Michael Kolodziej, MD, identifies a number of key areas of opportunity for health plans to achieve treatment success while balancing the cost of care . Quality management principles were introduced to managed care based on the teachings of Edward Deming in the early 1980s, and were incorporated into clinical practice at Harvard Community Health Plan by Don Berwick, MD, as part of a broad attempt to improve the quality of care in a staff model health plan.
In my experience at Harvard Pilgrim Health Care, we were able to achieve significant improvements in quality despite the limited data capabilities.
The discussion of process improvements, decreasing variability, data collection, and value create the setting to achieve improved outcomes at a reasonable cost. The use of the patient-centered medical home model focuses on the importance of care coordination to achieve positive clinical outcomes.
The expansion of specialized care in the medical community shifted the focus away from primary care physicians and toward the use of specialists to treat patients who could not be managed by primary care physicians.
Episode-of-Care Payment System
Joseph Alvarnas, MD, discusses the potential for an episode-of-care payment system that, when coupled with effective care coordination, may lead to improved outcomes and reductions in duplicate services, improvements in efficiency, reduced waste, and, ultimately, lower costs. This process will support the improved management of patients with hematologic cancers and the need to identify, track, and manage the adverse events, drug interactions, and complications of various treatment options.
The patient can get lost in the system because of multiple healthcare providers, service locations, comorbidities, and a lack of strong care coordination. This topic was discussed by Nicola Wallis, MRCPath, FFPM, at ASH 2015; she presented data on chronic myelogenous leukemia (CML) in relation to adverse events and treatment costs associated with them.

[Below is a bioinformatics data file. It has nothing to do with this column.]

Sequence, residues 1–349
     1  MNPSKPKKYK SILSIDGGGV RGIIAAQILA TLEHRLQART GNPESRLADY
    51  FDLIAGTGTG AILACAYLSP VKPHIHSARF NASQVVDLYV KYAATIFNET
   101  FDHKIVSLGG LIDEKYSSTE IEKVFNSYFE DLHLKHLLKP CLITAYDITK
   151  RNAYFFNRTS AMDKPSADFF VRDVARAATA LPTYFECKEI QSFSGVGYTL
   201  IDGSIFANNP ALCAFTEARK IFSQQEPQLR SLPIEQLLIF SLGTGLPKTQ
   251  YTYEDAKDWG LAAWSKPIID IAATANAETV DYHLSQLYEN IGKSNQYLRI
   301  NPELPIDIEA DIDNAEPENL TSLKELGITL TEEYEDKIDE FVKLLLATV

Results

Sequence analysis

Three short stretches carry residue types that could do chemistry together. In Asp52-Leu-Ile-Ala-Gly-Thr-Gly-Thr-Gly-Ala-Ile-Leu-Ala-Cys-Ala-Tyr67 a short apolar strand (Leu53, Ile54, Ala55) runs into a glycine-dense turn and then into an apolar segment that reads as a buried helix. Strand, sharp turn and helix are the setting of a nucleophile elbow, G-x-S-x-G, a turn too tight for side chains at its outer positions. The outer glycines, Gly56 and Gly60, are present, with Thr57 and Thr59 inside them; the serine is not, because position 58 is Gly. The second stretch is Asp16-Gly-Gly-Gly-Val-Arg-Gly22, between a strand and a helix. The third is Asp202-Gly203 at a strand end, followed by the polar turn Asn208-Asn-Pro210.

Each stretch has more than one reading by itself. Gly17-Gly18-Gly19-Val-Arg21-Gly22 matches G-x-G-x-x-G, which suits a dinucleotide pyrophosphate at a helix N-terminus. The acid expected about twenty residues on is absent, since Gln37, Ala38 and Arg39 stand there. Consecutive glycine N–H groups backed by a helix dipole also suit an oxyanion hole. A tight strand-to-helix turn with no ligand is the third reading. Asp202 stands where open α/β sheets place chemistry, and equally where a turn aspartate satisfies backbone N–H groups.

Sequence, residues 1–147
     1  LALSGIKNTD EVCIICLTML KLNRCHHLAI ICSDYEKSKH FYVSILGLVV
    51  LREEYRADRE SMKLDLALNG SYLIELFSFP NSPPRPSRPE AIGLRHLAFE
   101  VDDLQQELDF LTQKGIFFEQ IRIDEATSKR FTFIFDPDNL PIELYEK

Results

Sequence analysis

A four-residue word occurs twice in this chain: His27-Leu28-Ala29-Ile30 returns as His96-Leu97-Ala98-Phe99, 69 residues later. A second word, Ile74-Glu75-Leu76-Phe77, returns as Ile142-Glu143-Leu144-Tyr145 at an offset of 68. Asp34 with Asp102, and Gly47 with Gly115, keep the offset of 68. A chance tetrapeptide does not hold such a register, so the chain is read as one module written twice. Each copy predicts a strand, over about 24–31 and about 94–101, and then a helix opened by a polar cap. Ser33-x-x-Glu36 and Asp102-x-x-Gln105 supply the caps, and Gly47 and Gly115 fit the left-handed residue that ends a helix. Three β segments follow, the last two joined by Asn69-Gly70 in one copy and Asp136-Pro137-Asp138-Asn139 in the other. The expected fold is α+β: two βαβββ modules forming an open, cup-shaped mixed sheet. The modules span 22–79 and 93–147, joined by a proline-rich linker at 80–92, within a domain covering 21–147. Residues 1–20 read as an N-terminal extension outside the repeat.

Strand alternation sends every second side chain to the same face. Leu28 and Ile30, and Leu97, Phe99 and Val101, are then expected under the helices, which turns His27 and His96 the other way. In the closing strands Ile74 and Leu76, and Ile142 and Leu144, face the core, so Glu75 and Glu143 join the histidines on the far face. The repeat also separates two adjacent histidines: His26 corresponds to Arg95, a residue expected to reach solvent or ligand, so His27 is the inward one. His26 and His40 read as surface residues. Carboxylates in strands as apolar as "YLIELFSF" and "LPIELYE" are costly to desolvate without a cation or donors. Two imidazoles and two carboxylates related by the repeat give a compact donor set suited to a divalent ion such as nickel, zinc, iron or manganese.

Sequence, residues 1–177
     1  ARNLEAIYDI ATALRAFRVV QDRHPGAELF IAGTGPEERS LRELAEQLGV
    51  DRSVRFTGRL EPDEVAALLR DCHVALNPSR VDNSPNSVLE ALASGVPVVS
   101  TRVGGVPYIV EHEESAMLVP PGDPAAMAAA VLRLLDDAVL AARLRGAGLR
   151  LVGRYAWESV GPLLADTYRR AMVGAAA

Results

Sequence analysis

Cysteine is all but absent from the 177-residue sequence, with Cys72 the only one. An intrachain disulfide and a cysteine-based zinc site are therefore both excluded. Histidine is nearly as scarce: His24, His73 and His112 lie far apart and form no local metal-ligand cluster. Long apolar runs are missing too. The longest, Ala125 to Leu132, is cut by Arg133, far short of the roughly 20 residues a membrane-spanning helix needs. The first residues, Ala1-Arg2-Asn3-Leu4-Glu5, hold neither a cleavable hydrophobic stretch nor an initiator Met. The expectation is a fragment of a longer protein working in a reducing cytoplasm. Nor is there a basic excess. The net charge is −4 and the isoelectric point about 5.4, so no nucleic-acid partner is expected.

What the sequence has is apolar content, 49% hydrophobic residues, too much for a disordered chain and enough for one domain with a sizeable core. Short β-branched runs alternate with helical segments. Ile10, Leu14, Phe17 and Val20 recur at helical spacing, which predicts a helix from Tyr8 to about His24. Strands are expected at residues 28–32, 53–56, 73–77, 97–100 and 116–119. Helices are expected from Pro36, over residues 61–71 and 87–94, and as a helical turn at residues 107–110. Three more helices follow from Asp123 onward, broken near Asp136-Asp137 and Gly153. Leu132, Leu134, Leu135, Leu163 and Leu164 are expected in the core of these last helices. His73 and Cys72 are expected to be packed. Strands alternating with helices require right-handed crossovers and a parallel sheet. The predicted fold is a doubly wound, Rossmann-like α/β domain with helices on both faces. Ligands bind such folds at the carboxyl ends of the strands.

The remarkable efficacy of tyrosine kinase inhibitors and their ability to effectively cure patients with CML may have masked concerns regarding adverse events associated with these treatments.
Health plans must evaluate all aspects of each drug to select the ones with the best balance of efficacy, safety, tolerability, and cost. In addition, health plans and providers need to be cognizant of the financial burden that may be placed on patients with cancer.
At ASH 2015, Joanne S. Buzaglo, PhD, discussed financial toxicity, noting it can lead to depression or other poor health outcomes, as well as to poor medication adherence.
The Future of Cancer Care
The future is filled with the promise of new drug approvals, the increased development of targeted therapies, companion diagnostics to match patients to a particular drug, and the potential launches of generic drugs or biosimilars for patients with hematologic cancers.
Health plans must work to balance the current best-in-class treatments with potential generic or biosimilar options that will offer predictable efficacy at a lower out-of-pocket cost for patients.
If we can improve survival, reduce hospital admission rates, and promote cost-effective pathways, we will then achieve improved clinical outcomes while providing significant value to the healthcare system.